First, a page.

Put yourself in your ancestor's place. Where did they live? What was their life like? What did they eat? Are there any stories about them? When we learn more about them, we connect with them. Use the dropdown to the right to explore some different aspects of their life.
CREDITS go to Mike Sandberg of FamilySearch for the family history ideas below. (Presented at RootsTech 2018)
Stories that help us relate to the emotions that our ancestors felt can create a strong emotional connection with them. As we read or hear those stories, we can begin to empathize with others that may be going through similar circumstances in their lives.
One letter I have in my possession is the letter written by my great grandfather (on the right) to his wife and oldest daughter, Carol, who were back east visiting. It mentions a heart breaking incident in which his only two boys drowned in the Alameda estuary.
We also have our own heritage, our life challenges and successes that we need to share with our posterity. We should be active in preserving our thoughts, stories, and testimonies for our posterity to remember us by.
Take some time to write some brief memories about your life experiences, and then SHARE them with your posterity. Along with the story, share your testimony, feelings, or life insights with them as well.
I "drove" around Dunseverick, Northern Ireland by using Google Maps and got a better understanding about the the general landscape, housing, farm lands, and even a view of the Giant's Causeway. I saw Dunseverick Castle, which existed in the time of my 3rd Great Grandfather when he lived there. Dunseverick castle is pretty much a pile of rocks now, but I can imagine it to be a place that he and his family visited in the early 1800s.
Go visit places that your ancestors lived in. Get a sense of what the terrain, city, and other landmarks may have been like when they lived there. Can you find the street they lived on, and perhaps the same house they lived in? Explore the neighborhood where they lived.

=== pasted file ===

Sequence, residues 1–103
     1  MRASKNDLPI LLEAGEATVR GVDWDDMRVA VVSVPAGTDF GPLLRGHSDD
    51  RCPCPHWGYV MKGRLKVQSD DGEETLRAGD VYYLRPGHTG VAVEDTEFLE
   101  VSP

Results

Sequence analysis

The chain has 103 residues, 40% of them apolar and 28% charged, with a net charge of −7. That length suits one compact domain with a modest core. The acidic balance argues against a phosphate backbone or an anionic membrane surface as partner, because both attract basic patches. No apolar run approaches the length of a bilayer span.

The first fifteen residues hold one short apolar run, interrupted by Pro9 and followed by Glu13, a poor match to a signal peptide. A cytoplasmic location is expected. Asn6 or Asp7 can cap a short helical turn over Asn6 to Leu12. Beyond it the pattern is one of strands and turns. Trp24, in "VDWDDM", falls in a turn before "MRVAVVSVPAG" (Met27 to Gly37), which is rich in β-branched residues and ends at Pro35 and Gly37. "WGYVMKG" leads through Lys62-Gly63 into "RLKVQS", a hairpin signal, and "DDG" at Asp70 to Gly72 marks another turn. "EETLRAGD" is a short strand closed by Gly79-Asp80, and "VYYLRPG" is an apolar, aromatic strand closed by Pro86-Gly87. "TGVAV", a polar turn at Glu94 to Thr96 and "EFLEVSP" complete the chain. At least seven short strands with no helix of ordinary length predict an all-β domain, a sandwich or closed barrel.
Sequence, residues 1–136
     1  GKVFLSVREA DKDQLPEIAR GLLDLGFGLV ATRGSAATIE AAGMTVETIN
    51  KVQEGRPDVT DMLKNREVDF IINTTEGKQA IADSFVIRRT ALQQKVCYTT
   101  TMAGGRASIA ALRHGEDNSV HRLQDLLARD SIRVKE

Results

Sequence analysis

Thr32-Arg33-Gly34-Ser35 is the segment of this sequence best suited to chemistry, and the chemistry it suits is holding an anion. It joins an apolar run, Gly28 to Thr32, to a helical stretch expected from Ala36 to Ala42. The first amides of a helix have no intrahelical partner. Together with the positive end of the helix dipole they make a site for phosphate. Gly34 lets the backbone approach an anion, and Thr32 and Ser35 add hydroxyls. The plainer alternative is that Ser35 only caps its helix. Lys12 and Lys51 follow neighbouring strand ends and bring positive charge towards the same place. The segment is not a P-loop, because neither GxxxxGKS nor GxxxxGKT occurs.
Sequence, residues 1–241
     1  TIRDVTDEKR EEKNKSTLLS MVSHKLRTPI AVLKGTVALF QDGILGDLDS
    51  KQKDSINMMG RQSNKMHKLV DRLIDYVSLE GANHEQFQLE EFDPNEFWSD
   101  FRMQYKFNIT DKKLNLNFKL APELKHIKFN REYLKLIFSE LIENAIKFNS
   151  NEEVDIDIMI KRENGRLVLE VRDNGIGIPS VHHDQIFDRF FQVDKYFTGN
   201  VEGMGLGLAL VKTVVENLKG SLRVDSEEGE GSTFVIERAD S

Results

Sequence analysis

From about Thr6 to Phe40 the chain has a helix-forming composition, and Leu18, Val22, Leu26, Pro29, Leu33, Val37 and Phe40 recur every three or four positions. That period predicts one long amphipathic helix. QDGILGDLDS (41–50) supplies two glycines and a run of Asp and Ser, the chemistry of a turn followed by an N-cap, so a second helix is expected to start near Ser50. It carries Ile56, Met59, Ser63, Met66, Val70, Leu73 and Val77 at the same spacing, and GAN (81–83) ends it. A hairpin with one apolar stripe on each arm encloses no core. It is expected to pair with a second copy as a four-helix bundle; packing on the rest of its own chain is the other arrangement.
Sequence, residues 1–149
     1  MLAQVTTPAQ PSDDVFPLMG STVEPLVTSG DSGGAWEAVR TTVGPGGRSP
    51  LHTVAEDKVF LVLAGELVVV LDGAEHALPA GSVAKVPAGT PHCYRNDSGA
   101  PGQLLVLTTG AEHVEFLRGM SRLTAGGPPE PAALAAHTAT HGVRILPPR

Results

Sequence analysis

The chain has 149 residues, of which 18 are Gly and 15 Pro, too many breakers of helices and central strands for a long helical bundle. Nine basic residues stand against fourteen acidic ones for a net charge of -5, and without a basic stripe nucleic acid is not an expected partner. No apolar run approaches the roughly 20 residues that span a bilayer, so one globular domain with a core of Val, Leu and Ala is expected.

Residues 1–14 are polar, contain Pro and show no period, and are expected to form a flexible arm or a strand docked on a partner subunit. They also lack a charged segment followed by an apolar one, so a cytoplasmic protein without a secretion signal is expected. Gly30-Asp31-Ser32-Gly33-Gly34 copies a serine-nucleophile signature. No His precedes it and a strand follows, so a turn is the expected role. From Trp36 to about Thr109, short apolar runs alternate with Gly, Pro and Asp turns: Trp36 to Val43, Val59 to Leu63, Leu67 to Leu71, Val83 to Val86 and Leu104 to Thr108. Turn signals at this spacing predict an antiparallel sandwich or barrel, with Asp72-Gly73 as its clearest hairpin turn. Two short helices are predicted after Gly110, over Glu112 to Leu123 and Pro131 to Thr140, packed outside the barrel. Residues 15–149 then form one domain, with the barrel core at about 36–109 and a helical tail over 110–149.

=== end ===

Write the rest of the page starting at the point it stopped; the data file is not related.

Using any internet browser you can search for information about your ancestors, such as the places they lived.
Take some time to just see what you may find out there about your family. If you need some help, we have classes or individual help to show you how to do this.
The old photo above was called Gwynn's Bridge, built to span the American Fork River in Placer County, California, that ran past Rattlesnake Bar. This was a mining town in middle 1800s where my 2nd Great Grandfather lived with his family. His little town now is located under water behind Folsom Dam in Auburn/Sacramento, California.
Search for things that may have been everyday sights for your ancestors. The photo to the right is a replica of the Dunbrody "famine ships" that carried many Irish emigrants to the USA or to Canada.
My ancestors came from Northern Ireland on ships just like these. While on a tour of Ireland a few years ago, I was able to actually see the small size and characteristics of what these famine ships looked like. I developed a greater feeling for my ancestors as I pictured in my mind what it would have been like to sail the ocean on a small ship such as this.
The Dunbrody and other ships like them were often known as the ‘Coffin Ships’.
Lasting up to six weeks, the Atlantic crossing was a terrible trial for those brave, or desperate, enough to attempt it. Packed cheek by jowl below decks, the steerage passengers barely saw the light of day. Allowed up on deck for no more than one hour a day, in small groups, they would gather around open stoves to cook. When their time was up, it was back down into the dark, dank hold. During the regular storms the hatches were battened down, and the passengers would subsist on hard-tack biscuits.